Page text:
Cells act as early danger alarm for marine wildlife

By Josephine Sargent April 27, 2016
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The riddle of how toxicants in our waterways affect turtles and dolphins could be solved before the animals even show signs of illness.

QUEENSLAND SCIENTISTS ARE building a library of cell lines by collecting skin-cell biopsies from live animals and harvesting organ cells from those that have been washed ashore.

The cells are cultivated and stored in the lab, where a range of chemicals can then be tested on a variety of species simply by adding the toxicant to the cells. The method will allow scientists to test the reaction of cells to toxic contaminants quickly and without the need of a live specimen.

Jason van de Merwe, a research fellow at Griffith University in Queensland and a wildlife ecologist by trade, said current water-testing methods were time consuming, expensive and often ineffective.

scientist lab Griffith University

PhD student Kimberly in the lab. (Image courtesy Kimberly Finlayson)

“With the cell lines, if there are changes to water quality, we will be able to quickly test how they might impact the turtles and dolphins in these areas,” he said.

For example, in the event of a dredging or an oil spill near to where turtles and dolphins live, the team is able to get to the scene, take a water sample, then head back to the lab for testing.

“Because we have cells in the lab, we can test that water on the cells to see how they react,” Jason said. “It acts as an early warning sign to changes in water quality – if the cells react, then we would inform authorities.”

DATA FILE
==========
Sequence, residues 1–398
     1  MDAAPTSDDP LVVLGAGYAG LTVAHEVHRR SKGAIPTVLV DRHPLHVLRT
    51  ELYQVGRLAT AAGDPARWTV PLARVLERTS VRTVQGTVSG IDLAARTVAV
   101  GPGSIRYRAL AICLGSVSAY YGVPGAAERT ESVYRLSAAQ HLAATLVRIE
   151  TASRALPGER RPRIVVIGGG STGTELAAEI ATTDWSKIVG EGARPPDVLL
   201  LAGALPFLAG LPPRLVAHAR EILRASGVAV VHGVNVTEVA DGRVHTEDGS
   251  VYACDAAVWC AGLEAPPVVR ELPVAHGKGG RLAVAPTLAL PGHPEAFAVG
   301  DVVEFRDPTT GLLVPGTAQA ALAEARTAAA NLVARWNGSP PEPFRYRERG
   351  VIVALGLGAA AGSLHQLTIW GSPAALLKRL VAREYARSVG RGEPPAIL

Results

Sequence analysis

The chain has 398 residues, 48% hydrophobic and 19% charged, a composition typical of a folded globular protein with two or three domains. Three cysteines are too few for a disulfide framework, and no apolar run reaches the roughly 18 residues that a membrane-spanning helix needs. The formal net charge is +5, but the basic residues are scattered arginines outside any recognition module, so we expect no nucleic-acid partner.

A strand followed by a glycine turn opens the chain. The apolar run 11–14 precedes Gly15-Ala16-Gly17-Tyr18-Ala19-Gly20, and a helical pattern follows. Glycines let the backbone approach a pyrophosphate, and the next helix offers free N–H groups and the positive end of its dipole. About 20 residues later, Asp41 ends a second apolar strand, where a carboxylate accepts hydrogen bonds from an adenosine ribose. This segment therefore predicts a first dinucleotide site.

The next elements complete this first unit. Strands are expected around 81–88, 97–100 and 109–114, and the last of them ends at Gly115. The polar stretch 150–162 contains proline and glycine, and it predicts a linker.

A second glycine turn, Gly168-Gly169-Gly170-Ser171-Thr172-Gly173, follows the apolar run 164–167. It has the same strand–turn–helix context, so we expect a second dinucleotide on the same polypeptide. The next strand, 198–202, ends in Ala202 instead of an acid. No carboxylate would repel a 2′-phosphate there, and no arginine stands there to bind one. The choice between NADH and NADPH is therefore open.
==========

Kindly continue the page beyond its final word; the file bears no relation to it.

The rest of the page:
Understanding the effects of contaminants

“There’s been a lot of research in the area so it’s amazing how little we know about these contaminants,” PhD student Kimberly Finlayson said. “There’s a new chemical created every three seconds but we know so little about the effects.”

They do know that chemicals are accumulating in large marine animals, like turtles and dolphins, she added. “But right now there are a lot of unknowns when it comes to the impact of these contaminants on the health of these animals.”

Jason said that, by exposing the cells to toxicants, they can determine which chemicals are more – or less – dangerous. “Mercury is the most toxic of the metals we have tested so far,” he said. “We’re a bit concerned.”

“We’re still some way off making a direct link in what we see in the cell level to what we see in the organism level, but to do research in large endangered animals it’s important to study these kinds of contaminants.”

Kimberly has a passion for turtles in particular and wants the project to lead to better conservation and management.

“If we find that these contaminants are having an effect – and we don’t know yet – this information can be passed on to policy makers and decision makers,” she said. “What we can do is unlimited. If you can establish cells for a turtle, then you can do a dolphin and a wide variety of animals to see the large-scale effect these contaminants are having.”